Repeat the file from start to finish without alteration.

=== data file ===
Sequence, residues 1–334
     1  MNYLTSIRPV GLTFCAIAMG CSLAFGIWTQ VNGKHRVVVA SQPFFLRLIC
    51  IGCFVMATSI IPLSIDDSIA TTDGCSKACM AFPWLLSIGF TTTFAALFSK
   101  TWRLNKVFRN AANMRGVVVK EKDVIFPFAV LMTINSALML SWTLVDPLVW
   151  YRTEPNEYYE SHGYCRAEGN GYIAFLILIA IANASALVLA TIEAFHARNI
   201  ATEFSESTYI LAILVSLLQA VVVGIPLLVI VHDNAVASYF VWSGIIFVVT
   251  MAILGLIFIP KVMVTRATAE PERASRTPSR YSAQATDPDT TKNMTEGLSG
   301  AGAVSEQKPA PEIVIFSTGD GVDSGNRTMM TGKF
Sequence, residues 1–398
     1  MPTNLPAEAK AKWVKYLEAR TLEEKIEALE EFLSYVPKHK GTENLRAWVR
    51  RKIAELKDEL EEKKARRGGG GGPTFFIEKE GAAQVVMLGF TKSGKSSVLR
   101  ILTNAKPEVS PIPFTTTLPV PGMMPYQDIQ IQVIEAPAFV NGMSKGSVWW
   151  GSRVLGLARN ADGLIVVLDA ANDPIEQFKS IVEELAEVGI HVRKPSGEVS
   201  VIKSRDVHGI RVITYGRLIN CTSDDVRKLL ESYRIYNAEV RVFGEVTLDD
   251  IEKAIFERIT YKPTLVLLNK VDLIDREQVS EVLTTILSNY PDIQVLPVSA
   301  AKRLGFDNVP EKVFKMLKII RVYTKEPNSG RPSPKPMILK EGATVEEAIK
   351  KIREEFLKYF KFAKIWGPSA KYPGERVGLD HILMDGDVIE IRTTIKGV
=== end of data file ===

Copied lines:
Sequence, residues 1–334
     1  MNYLTSIRPV GLTFCAIAMG CSLAFGIWTQ VNGKHRVVVA SQPFFLRLIC
    51  IGCFVMATSI IPLSIDDSIA TTDGCSKACM AFPWLLSIGF TTTFAALFSK
   101  TWRLNKVFRN AANMRGVVVK EKDVIFPFAV LMTINSALML SWTLVDPLVW
   151  YRTEPNEYYE SHGYCRAEGN GYIAFLILIA IANASALVLA TIEAFHARNI
   201  ATEFSESTYI LAILVSLLQA VVVGIPLLVI VHDNAVASYF VWSGIIFVVT
   251  MAILGLIFIP KVMVTRATAE PERASRTPSR YSAQATDPDT TKNMTEGLSG
   301  AGAVSEQKPA PEIVIFSTGD GVDSGNRTMM TGKF
Sequence, residues 1–398
     1  MPTNLPAEAK AKWVKYLEAR TLEEKIEALE EFLSYVPKHK GTENLRAWVR
    51  RKIAELKDEL EEKKARRGGG GGPTFFIEKE GAAQVVMLGF TKSGKSSVLR
   101  ILTNAKPEVS PIPFTTTLPV PGMMPYQDIQ IQVIEAPAFV NGMSKGSVWW
   151  GSRVLGLARN ADGLIVVLDA ANDPIEQFKS IVEELAEVGI HVRKPSGEVS
   201  VIKSRDVHGI RVITYGRLIN CTSDDVRKLL ESYRIYNAEV RVFGEVTLDD
   251  IEKAIFERIT YKPTLVLLNK VDLIDREQVS EVLTTILSNY PDIQVLPVSA
   301  AKRLGFDNVP EKVFKMLKII RVYTKEPNSG RPSPKPMILK EGATVEEAIK
   351  KIREEFLKYF KFAKIWGPSA KYPGERVGLD HILMDGDVIE IRTTIKGV